The most famous sparkling wine that you will come across is Champagne. However, sparkling wines are also made in a number of other regions outside of Champagne, and these make tasty affordable alternatives if you don’t want to pay for the Champagne price tag. Join us for a tour around the sparkling wine world to find out more.
The World of Sparkling Wine
Champagne is named after the region from where it is produced in northern France. The region is responsible for making one of the most glamorous and prestigious styles of wine in the wine world, although also one of the most expensive.
Sparkling wine is also produced elsewhere in France and this is usually referred to as Cremant. The same winemaking technique as Champagne is used to make Cremant and many of the fruit flavours are present, although the wines are often not as complex. Typically these wines are produced in and around the Loire region and are made using the Chenin Blanc grape.
Cava is the name given to sparkling wine from Spain. Cava is traditionally made from local Spanish grapes, although modern versions often use the Champagne grapes. It is mainly produced in the Catalonia region and, like Champagne, can be made to varying levels of dryness from extra dry through to sweet.
Prosecco is a dry / off dry sparkling wine made in North East Italy. It is typically very refreshing, has delicate fruit flavours and is slightly lighter in body than Champagne. Asti, on the other hand, is generally light and sweet, and is made in the North West of Italy. Franciacorta and Trento are other Italian sparkling wines to look out for. Italian sparkling wine can either be fully sparkling, known as Spumante, or just lightly sparkling, which is referred to as Frizzante.
Sparkling wines from Germany are known as Sekt. These are usually simple in style, aromatic and can be medium or dry. They are often made slightly differently to the traditional champagne making method.
Countries in the New World, including New Zealand, Australia, South Africa and California, are also important producers of Sparkling wines. The grapes used are generally those traditionally used to make Champagne. However, in Australia, in particular, sparkling reds are also common and tend to be full bodied and fruity, made using the Shiraz grape.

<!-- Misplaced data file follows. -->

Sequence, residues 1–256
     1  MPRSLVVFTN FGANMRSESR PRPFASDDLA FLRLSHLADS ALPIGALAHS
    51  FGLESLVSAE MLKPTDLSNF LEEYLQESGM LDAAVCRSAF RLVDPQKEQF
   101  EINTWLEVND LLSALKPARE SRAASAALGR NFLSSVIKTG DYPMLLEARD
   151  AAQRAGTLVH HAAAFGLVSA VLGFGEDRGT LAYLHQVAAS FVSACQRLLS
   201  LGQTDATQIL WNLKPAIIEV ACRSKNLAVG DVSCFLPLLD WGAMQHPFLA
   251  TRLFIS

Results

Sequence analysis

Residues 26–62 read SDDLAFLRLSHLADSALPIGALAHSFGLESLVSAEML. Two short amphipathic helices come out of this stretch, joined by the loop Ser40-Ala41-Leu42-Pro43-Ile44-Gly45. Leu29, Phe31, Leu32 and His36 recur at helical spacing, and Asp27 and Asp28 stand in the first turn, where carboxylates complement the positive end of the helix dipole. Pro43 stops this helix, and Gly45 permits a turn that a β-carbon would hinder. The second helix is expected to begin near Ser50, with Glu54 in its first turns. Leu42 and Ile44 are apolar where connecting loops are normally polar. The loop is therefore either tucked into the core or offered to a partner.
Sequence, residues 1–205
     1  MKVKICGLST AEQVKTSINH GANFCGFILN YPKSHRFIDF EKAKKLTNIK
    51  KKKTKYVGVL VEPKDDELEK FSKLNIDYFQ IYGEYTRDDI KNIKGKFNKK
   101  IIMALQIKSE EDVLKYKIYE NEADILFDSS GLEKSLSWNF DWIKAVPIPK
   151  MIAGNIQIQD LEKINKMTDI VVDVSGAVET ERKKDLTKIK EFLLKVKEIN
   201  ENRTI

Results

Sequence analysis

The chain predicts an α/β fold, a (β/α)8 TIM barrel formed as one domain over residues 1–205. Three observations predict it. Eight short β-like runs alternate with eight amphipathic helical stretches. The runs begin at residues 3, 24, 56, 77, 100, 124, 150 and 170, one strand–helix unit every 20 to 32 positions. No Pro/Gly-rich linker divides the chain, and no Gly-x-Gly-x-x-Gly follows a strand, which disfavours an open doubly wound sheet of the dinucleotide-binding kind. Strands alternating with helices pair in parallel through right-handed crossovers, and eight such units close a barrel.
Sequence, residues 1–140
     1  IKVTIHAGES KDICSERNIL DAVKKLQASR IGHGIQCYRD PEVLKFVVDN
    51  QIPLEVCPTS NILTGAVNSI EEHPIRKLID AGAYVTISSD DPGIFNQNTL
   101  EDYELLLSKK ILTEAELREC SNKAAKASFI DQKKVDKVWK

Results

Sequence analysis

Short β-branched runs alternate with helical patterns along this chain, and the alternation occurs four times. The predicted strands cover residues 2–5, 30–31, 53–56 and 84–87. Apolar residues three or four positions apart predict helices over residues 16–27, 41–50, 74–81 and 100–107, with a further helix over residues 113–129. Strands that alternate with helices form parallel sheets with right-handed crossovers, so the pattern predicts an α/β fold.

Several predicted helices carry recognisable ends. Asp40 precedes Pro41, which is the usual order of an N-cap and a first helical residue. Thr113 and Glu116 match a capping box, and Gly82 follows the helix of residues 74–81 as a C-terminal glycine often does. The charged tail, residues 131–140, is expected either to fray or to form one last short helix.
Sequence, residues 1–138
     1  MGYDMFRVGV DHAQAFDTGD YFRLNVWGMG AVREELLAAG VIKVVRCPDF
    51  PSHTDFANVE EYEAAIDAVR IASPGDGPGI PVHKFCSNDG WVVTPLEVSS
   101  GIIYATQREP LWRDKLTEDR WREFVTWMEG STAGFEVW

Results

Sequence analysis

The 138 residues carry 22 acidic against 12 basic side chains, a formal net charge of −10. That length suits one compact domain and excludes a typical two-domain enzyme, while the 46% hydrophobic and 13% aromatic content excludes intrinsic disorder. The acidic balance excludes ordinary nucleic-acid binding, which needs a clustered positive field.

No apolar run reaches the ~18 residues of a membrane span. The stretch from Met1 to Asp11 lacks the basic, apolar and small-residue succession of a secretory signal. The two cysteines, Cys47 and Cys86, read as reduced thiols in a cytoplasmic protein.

What the Label Says
Just like Champagne, Sparkling wine comes in a variety of styles from dry through to sweet. If you like your wine dry, look out for the word “brut” or “sec” on the label. “Extra” or “ultra brut” means that the wine is very dry, “demi–sec” means medium-sweet, while “doux” refers to a sweet wine.
Here’s the Technical Bit
Without getting too techie on you, there are a variety of ways in which sparkling wine is produced.
This is the process used to make Champagne, along with a number of other sparkling wines. It is the most expensive form of production and involves taking a still wine, bottling it and allowing the yeasts in the wine to ferment over time, which produces the bubbles. The yeast is then removed either by the Traditional Methode Champenoise, which involves slowly tipping the Champagne bottles and freezing the bottle necks to help remove the yeast via the bottle stopper, or by the Transfer Method, which involves removing the contents of the bottles, filtering out the yeast and then re-bottling. Cremant and Cava wines are generally made from using the Methode Champenoise, while sparkling wines from New Zealand and Australia often use the Transfer method.
Tank/ Charmant Method
This is generally used to make Asti, most Prosecco and Sekt. This method involves using a giant pressurised tank to transfer the wine from one bottle to another. It is when the wine is in the tank that the carbon dioxide is trapped and this causes the wine to bubble. The transfer method is generally considered as more cost effective than the traditional method but it doesn’t add many of the complex flavours often associated with wines made from the traditional method.
This involves taking a still wine and injecting it with carbon dioxide under pressure. This is probably the cheapest method for producing sparking wine, however the bubbles tend to disappear more quickly compared to wines made from other methods.
When to Drink it?
Sparkling wines make a great toast at parties and celebrations. They are also a good drink for welcoming people or as a pre-dinner drink. But like champagne, sparkling wine also works well with food and, in particular, is a great food match for fish.
Red and Rosé Sparkling Wine – For a Change?
As much as we love white sparkling wines, a sparkling rosé can make a deliciously refreshing change for an aperitif. Alternatively, for something a bit different, why not try a sparkling red wine? Sounds an unusual concept we know but crack one open next time you are entertaining and we’re sure that you and your guests will be hooked in no time.
Choose from a wide range of sparkling wine here.